Archival on-set interviews (8:57) has Udo Samel explain this isn’t a gay film even though his character is gay. He does like how his character isn’t in the closet. Other actors discuss the comedy in the film. They speak in German with English subtitles.

Would You Use This Condom? (1:55) is an archival featurette if a man on showing off the killer condom on the streets of Manhattan to grossed out people.

Original theatrical trailer (4:53) is for the German release.

Original video trailer (1:17) has the newcaster describe the new killer on the loose in Manhattan.

Vinegar Syndrome presents Killer Condom. Directed by Martin Walz. Screenplay by Martin Walz & Ralf König. Starring Udo Samel, Peter Lohmeyer, Iris Berben, Leonard Lansink, Marc Richter, Evelyn Künneke. Boxset Contents: 1 4K UHD Disc & 2 Blu-ray Discs. Rating: Unrated. Release Date: September 26, 2023.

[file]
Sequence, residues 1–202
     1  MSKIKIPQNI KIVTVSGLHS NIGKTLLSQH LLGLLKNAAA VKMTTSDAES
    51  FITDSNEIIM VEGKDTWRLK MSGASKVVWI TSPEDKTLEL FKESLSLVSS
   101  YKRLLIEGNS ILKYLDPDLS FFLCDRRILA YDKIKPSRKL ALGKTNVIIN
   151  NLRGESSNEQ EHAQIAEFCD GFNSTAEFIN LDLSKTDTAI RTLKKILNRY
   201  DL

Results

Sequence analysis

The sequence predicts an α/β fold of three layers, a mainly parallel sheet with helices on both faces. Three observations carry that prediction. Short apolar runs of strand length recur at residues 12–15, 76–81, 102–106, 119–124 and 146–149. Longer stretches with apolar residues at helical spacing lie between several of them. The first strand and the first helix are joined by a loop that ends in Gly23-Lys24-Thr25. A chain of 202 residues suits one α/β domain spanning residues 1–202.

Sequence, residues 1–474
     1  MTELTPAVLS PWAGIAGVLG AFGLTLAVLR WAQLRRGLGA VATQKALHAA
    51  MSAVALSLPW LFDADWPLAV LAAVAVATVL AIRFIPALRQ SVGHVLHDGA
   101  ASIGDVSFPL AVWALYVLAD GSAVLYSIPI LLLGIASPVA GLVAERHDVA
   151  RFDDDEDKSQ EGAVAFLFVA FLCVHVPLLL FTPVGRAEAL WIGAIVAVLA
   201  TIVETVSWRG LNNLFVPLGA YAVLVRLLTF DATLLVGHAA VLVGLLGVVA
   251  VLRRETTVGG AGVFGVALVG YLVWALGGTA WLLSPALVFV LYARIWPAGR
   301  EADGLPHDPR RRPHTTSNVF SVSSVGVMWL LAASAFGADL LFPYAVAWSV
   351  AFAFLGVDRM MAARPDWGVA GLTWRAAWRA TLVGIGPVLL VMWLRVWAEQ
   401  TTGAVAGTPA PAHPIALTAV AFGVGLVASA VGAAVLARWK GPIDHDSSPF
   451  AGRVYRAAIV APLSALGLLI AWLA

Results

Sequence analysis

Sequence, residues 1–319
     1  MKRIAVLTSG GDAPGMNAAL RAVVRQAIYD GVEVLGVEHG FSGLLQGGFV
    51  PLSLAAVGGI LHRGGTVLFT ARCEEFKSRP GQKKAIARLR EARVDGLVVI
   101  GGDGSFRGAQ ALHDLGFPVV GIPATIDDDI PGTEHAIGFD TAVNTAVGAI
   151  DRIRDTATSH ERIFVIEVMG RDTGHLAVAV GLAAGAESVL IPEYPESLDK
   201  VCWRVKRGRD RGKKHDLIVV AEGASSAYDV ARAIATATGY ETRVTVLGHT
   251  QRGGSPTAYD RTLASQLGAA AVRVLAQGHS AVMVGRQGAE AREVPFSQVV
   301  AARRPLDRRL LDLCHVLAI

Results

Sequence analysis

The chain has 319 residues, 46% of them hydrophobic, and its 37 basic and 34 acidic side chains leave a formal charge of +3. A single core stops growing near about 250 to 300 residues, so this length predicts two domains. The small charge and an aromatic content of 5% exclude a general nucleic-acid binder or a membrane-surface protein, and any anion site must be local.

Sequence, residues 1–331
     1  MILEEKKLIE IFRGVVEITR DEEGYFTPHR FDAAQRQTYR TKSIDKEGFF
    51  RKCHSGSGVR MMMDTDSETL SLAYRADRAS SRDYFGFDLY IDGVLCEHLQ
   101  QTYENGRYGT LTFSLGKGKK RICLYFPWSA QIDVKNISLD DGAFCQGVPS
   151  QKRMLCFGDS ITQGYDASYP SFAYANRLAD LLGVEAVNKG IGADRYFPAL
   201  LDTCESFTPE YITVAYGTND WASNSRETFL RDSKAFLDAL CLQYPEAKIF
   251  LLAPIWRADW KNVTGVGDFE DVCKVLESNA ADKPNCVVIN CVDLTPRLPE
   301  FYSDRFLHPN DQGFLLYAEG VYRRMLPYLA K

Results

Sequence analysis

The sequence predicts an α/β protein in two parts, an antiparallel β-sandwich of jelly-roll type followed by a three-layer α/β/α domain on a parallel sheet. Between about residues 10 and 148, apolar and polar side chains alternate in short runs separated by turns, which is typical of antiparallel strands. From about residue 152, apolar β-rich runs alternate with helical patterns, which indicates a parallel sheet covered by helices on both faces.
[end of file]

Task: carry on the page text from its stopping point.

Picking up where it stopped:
Joe Corey is the writer and director of "Danger! Health Films" currently streaming on Night Flight and Amazon Prime. He's the author of "The Seven Secrets of Great Walmart People Greeters." This is the last how to get a job book you'll ever need. He was Associate Producer of the documentary "Moving Midway." He's worked as local crew on several reality shows including Candid Camera, American's Most Wanted, Extreme Makeover Home Edition and ESPN's Gaters. He's been featured on The Today Show and CBS's 48 Hours. Dom DeLuise once said, "Joe, you look like an axe murderer." He was in charge of research and programming at the Moving Image Archive.